lifestyle

This is what happens when desperate women can't access abortion.

Woodrow Wilson High School

At a Texas high school last week,  local police were called to the high school after a staff member found a “deceased human fetus” in the rubbish bin of a second floor bathroom.

Police reports claim they have not found a ‘suspect’ but what can be assumed is that a woman – or more likely a teenage girl – somewhere on the school campus had given birth to the fetus before throwing it in the bin and going back to class.

Police at the scene.

According to The Daily Mail and American news channel Fox 4, police are reviewing video of the building where the bathroom is located and talking to teachers and students for information.

There are 1600 students at the school, so it has understandably been difficult for police to identify the mother. School counsellors have been brought in to help students, families and the broader community “deal” with the situation while the police told CNN they are hopeful the female will come forward.

That is the story the world news is telling. But the  story we want to tell is one of one what can only be described as an abhorrent violation of women’s rights and one which has left a teenage girl in an impossible situation. The question must be asked: If this hadn’t happened in Texas, if the girl had had proper, safe access to abortion…. would it have happened at all? Access to abortions are highly restricted in the state of Texas. The Texas Anti-Abortion Law HB-2 has been labelled as one of the “harshest anti-abortion measures” in the United States. This from The Huff Po:

The state bans abortions after 20 weeks of pregnancy, restricts doctors from prescribing women an abortion pill to take at home, and requires women to get an ultrasound before an abortion and wait 24 hours between having an in-person consultation and getting the procedure.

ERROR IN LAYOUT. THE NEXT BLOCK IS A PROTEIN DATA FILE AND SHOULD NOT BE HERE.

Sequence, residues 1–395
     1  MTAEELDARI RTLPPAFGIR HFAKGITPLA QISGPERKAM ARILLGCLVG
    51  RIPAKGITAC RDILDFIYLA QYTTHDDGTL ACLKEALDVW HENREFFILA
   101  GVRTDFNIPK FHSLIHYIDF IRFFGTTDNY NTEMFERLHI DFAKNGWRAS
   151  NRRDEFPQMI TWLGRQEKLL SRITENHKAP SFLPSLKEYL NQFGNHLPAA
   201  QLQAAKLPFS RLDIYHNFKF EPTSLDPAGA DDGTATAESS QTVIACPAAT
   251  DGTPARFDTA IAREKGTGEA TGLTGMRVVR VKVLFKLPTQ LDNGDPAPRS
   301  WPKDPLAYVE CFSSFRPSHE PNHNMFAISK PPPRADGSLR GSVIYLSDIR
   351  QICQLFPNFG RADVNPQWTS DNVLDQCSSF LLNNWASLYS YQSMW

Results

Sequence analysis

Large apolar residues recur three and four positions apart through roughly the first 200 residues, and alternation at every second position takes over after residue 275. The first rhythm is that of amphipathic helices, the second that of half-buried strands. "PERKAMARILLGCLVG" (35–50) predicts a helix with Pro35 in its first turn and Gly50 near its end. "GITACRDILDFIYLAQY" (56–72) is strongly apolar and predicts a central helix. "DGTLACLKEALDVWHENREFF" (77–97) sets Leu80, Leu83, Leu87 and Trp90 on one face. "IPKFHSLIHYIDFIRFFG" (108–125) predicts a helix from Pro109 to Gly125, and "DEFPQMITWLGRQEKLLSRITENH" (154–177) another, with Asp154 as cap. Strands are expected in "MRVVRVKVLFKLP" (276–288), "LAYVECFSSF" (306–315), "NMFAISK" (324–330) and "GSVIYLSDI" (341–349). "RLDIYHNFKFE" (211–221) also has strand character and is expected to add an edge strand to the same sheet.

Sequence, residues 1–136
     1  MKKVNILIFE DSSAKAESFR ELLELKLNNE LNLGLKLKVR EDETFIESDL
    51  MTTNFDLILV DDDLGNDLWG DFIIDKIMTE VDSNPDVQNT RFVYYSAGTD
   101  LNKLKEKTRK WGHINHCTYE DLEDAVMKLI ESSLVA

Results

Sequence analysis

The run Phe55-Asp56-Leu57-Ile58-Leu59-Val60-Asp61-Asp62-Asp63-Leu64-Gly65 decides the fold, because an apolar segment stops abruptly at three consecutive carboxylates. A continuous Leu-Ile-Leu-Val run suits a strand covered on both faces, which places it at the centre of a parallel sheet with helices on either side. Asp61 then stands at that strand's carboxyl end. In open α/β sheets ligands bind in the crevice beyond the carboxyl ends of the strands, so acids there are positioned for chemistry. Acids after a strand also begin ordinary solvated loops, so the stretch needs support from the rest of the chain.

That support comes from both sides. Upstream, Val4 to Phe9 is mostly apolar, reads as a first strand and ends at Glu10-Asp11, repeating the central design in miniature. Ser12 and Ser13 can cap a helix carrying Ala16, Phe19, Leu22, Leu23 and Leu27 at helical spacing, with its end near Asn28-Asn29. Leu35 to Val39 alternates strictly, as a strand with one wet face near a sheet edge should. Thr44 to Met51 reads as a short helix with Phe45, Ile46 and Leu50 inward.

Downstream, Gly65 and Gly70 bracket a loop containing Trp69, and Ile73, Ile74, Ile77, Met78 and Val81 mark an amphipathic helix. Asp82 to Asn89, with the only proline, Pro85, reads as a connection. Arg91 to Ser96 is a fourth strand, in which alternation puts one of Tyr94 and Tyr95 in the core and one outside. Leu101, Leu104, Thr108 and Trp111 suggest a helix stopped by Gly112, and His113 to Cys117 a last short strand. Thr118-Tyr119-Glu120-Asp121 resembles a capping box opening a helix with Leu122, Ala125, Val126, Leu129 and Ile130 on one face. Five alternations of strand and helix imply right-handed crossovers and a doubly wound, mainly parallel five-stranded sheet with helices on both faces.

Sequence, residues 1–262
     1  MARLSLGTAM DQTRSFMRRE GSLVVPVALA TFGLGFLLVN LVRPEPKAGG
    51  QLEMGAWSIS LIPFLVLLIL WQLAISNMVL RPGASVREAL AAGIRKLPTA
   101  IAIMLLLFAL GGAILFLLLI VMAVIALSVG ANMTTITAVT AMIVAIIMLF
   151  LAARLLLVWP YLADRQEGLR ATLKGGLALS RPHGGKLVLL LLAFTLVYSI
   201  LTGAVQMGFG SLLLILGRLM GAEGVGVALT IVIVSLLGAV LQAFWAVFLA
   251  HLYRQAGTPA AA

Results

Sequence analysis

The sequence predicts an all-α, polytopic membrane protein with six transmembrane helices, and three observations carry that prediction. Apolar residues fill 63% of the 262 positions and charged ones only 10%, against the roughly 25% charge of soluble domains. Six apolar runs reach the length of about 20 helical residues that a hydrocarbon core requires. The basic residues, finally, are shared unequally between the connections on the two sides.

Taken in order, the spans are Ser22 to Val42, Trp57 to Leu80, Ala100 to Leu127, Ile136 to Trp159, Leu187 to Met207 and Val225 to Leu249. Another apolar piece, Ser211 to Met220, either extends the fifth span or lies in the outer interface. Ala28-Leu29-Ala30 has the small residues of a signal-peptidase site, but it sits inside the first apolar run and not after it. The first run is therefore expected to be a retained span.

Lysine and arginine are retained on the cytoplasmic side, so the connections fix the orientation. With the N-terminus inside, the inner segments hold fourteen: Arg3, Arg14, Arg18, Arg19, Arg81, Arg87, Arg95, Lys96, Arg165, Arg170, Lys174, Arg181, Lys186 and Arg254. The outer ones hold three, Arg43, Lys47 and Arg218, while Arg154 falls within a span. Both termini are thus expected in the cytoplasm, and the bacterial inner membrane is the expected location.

In recent months, there have been moves by Republican lawmakers in the state of Texas to restrict access to terminations even further. Under these proposals, all abortion clinics in Texas would have to meet “the same building standards as ambulatory surgical centres.” This from The Guardian: 

ASCs handle higher-risk outpatient surgical procedures and frequently employ general anesthesia, which is not necessary for abortions. Such centers must adhere to specific building code requirements, such as wider hallways and different ventilation systems, than most clinics currently employ. Such a requirement would be prohibitively costly to implement for many clinics.

With these kind of laws in place, is it any wonder that a teenager feels her only option is to abandon her foetus in a rubbish bin at her high school? In such a polarising environment it’s not hard to imagine how scary it would be to a be a young woman with an unwanted pregnancy. Because for a teenager who is living in a society that tells her abortion is evil and wrong, and that that having a baby out of wedlock is also wrong, what other options are there? For the child who gave birth to this fetes and fled the scene, this was not about choice. There was no choice in her eyes. It was about fear and desperation. As Lindy West from Jezebel so perfectly put it: 

Fuck Texas; fuck anti-choicers; fuck “prayer” being part of a police investigation; fuckabstinence-centered sex education; and fuck leaving women in crisis (or, in this case, children in crisis!) with no viable options, letting them suffer alone, and then treating them like criminals for doing what they have to do. 

It’s only when access to abortion is safe and legal that it can BECOME rare. Because information, education and acceptance is what gives women power to prevent pregnancy in the first place. If you’d like to understand more about abortion law in Australia, the Australian Medical Journal has a great explainer, state by state.

What do you think of the Texan anti-abortion laws?

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